to lift her suspension. So, why not Charles Gibson? What the systems did to John must be
    done also to Peter!

  7. What a flimsy excuse! “Our client was broke”: Is no excuse for committing a crime.

    As a lawyer, Cllr. Charles Gibson had a fiduciary duty to his clients. He violated that trust between his client/lawyer by embezzling his client money. What a light punishment given to him by the court.

    He was penalized by the suspension of his law license and asked to make restitution without any jail time. He made no attempt within a year to abide by the court order until few days when he got words that he would be nominated for the top legal post as Justice Minister. Cllr. Charles Gibson, you can fool some of the people some of the time, but you cannot fool all the people all the time. You got caught….big time!!!!!

    There are three choices:
    1. Cllr. Gibson withdraw his nomination (this is the honorable thing to do).
    2. President Weah should find someone who is competent, experience, and has good character.
    3. If Cllr. Gibson goes before the senate for hearing, he should be rejected (regardless of party loyalty).

    Remember, “As a man thinketh, so is he” (Proverbs 23:7). Do we want a “big rogue” as Justice Minister ?

  8. There is no way that a man with such a corrupt attitude should be justice minister in a civilised world. But this is Liberia. Anything is possible including confirming a man who admits that has he is not qualified to be foreign minister. I think our senators have already started doing a terrible job!

  9. It is just inconceivable that a person with such flawed character will even be considered for this important position where justice is supposed to be dispensed in an honest manner. I think that the responsibility of vetting appointed officials in this government rests with the legislature. Liberians do not want the reoccurrence of situation where those responsible for vetting and confirming appointed officials of government failed miserably by confirming people of questionable character who should not have been confirmed.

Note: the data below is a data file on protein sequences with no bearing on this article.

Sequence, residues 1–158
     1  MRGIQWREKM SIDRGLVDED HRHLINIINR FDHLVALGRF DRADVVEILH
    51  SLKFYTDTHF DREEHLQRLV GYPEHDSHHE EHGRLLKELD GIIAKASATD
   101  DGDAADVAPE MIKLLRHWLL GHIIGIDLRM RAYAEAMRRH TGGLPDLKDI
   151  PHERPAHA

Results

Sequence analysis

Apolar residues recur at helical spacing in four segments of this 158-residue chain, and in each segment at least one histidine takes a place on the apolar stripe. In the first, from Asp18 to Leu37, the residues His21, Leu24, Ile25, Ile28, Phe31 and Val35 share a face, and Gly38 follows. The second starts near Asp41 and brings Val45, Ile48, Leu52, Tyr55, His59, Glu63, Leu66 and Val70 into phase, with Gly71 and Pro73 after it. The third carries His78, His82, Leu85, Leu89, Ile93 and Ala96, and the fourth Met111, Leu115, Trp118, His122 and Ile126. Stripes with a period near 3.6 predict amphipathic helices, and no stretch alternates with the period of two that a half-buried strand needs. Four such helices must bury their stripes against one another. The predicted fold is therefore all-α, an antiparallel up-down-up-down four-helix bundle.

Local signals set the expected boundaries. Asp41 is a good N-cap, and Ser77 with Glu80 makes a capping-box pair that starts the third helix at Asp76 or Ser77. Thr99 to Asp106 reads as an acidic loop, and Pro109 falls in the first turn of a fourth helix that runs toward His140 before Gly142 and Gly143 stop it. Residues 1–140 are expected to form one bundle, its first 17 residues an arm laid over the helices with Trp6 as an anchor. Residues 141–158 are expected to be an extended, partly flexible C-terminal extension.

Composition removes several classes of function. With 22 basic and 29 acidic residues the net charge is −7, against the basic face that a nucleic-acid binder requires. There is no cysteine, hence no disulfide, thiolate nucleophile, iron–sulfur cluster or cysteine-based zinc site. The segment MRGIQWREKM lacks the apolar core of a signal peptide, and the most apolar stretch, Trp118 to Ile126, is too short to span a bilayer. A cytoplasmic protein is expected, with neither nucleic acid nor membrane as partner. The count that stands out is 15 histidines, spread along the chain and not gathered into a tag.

President Weah needs to be careful as he navigates this route. This is no longer an issue of popularity. The pomp and pageantry is over. He needs to start on a good footing and keep the promise he made to the Liberian people that he will be different from other politicians. If people see the re-emergence of the same old politics with no tangible and substantial results to show, the party will be over and the history books will begin to be written about him. He campaigned on change, even though he failed to tell the Liberian people how that change was going to be effected. He missed out on several opportunities to present his platform through debatess and left the Liberian people wondering what to expect from his government. He needs to show that he is prepared for this awesome responsibility and that this is not a “play play thing. A word to the wise is sufficient.

  10. For all practical purposes it is belated to whine over the erstwhile consideration of this criminal element, Gibson, as minister of justice. It was timely and the right thing for president Weah to reverse that preferment. It shows president Weah has the capacity to hear when the people say NO! to anything. Interestingly, it is the Supreme Court’s decision to play to Mr. Gibson’s threadbare chicanery that is even shocking. That this man blatantly defied the high court’s fine for an entire year without ever imploring the court’s mercy, not until rumor for his cabinet preferment and all of a sudden Mr. Gibson had the capacity to pay this fine all at once? And the high court fell for that obvious ploy? Such spinelessness makes our high court complicit in the man’s sham. If Mr. Gibson was truly broke as projected by his lawyers, then where, or how, did he come by $25,000. all of a sudden? Such shallow and uncritical performance of our high court in matters of this nature, makes us to even question the shrewdness of our justices in a life-and-death situation. How could our justices be so maneuverable? Or were their action in this case enveloped-induced? No wonder some “untouchables” in Liberia don’t even consider our Supreme Court’s decision as anything, always calling their bluff. And they want the international community to take our legal system serious? Not with such gullibility.